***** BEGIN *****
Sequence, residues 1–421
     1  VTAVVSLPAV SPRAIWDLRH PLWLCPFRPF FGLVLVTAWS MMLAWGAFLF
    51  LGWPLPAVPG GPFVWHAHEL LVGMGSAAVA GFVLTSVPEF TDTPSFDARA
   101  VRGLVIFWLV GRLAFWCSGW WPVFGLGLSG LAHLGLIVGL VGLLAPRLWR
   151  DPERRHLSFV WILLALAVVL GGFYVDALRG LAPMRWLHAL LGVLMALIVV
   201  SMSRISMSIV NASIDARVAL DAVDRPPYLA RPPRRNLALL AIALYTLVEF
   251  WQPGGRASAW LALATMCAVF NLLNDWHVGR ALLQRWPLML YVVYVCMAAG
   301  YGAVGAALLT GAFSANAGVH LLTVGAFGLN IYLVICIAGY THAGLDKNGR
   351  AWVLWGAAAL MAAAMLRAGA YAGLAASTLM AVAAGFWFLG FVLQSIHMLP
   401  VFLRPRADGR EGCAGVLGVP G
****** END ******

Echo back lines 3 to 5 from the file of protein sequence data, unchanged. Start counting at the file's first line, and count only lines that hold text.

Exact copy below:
    51  LGWPLPAVPG GPFVWHAHEL LVGMGSAAVA GFVLTSVPEF TDTPSFDARA
   101  VRGLVIFWLV GRLAFWCSGW WPVFGLGLSG LAHLGLIVGL VGLLAPRLWR
   151  DPERRHLSFV WILLALAVVL GGFYVDALRG LAPMRWLHAL LGVLMALIVV